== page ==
He credited a smooth start of the year to his child’s teacher, a “performer” who’s comfortable with the technology and has lots of energy to engage young children over the computer. They draw popsicle sticks each day and take turns sharing the weather or the date, and the 30-minute morning Zoom sessions have been manageable in a house with two working parents.
Johnston’s son, Tom Martin, admitted that the start of the school year has been organized – but that still doesn’t mean he likes school.
“It’s not as good as [in-person] because there’s no actual interactions [with students],” he said.
One thing he does like about distance learning is that the school day is shorter.
Martha Martin, Tom’s older sister who’s in ninth grade, said doing distance learning since spring has made her better at using technology. Social interaction has also been a concern for her, and though she’s able to stay in touch with friends, she said it’s much harder now to meet new people.
In an effort to improve these barriers, some teachers are introducing “breakout rooms” in virtual classrooms where students get some time to chat one-on-one with their classmates. Martha said they can be a little awkward at first, but it’s working alright overall.
“We’re gonna have distance learning, so I think it’s pretty good how it is. They’ve done a good job on it,” she said.
Countering ‘Zoom fatigue” and planning for the coming weeks
Troubleshooting technology will be an unavoidable, and a necessary pain for the first few weeks of school, like when Zoom went down across the country last Monday (it was back before the school day started in Berkeley, McDermott said). But at the forefront of educators’ and families’ minds is how to keep the momentum going with online education once the initial kinks are worked out, and students are still left glued to their monitors all day.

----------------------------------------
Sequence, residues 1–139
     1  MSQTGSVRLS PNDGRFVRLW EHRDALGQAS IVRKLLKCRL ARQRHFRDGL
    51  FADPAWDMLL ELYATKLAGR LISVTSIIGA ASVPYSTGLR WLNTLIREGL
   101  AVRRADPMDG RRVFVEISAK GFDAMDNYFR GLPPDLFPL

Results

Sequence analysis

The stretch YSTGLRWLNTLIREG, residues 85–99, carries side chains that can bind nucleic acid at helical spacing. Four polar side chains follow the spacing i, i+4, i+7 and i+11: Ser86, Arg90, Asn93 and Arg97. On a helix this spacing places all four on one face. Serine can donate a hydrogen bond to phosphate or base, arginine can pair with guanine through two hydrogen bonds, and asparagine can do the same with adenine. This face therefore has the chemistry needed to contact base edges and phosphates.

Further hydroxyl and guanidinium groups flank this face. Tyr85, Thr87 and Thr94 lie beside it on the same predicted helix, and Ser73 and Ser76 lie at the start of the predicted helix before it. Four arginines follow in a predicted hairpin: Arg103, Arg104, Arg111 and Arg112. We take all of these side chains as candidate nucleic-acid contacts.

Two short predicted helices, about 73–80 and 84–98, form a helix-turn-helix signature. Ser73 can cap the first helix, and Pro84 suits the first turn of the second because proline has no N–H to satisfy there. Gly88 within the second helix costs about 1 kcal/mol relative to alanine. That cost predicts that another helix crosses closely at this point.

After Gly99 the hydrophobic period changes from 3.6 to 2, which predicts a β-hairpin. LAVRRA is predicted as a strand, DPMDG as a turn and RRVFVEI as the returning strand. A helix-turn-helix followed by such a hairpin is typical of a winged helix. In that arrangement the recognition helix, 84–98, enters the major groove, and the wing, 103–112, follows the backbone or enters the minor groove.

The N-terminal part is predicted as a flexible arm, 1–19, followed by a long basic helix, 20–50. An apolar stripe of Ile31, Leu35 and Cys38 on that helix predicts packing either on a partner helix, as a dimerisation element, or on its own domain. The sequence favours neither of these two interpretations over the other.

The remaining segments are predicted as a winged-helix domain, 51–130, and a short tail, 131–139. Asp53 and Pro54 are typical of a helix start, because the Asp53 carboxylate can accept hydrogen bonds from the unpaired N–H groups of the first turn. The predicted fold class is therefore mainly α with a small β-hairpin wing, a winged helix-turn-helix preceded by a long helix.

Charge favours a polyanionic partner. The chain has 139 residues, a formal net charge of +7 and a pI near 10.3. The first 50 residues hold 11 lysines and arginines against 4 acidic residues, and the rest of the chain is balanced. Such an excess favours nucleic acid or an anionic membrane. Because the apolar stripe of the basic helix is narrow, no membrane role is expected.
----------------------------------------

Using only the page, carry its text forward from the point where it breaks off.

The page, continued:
Rattan is glad to see her children pick up on new technology, but she’s still concerned about the lack of socialization and limited interaction with anyone but teachers during virtual classes.
“They’re kids, they can’t be on the computer all day, it gets tiring,” she said, offering as an example a “50/50 solution” where they could have workbooks for part of the day, especially for younger kids.
“I know that there’s no perfect answer for a crazy situation, it just feels like what’s happening now is super overwhelming,” Rattan said. “I know that we can’t just keep being so lax with education, there’s also just such a thing as ‘doing too much,’ and it feels like we do need a little bit of breathing time.”
“I just hope we can keep up the grace we’re giving each other, and the positive attitude.” — Teacher Carrie Johnston
Jessica Lee, BUSD coordinator of library services and the lead for the instructional technology team, said the existing elementary school schedule aims to address these concerns by requiring only one 30-minute class to start off the morning, then extending to 45 minutes when they’ve had some practice. Afternoon “choice time” with enrichment classes is also optional.
“By giving students leeway to choose which sessions to attend, it really speaks to the need to be flexible,” Lee said. “Science, music, library, art and gardening are all essential parts of a child’s education, but we also need to recognize the need for flexibility, especially for very young students.”
Among several professional training sessions, BUSD teachers have also learned about cultural responsiveness, such as understanding not all students want to show their home backgrounds on video during class, and various ways of gauging and responding to engagement levels.
As a parent and teacher, Johnston’s main concerns in the next few months are for families like Rattan’s, who are already becoming overwhelmed with their students’ work or may find it difficult to manage continued support. She said the new year was a fresh start for teachers and families, but there’s a long way to go.
“I think the cooperation between the families and the teachers so far — as a teacher and a parent — I felt really positive about that, and it’s easy when we’ve just started. I don’t know if we’re gonna have the stamina to keep that up,” Johnston said. “I just hope we can keep up the grace we’re giving each other, and the positive attitude.”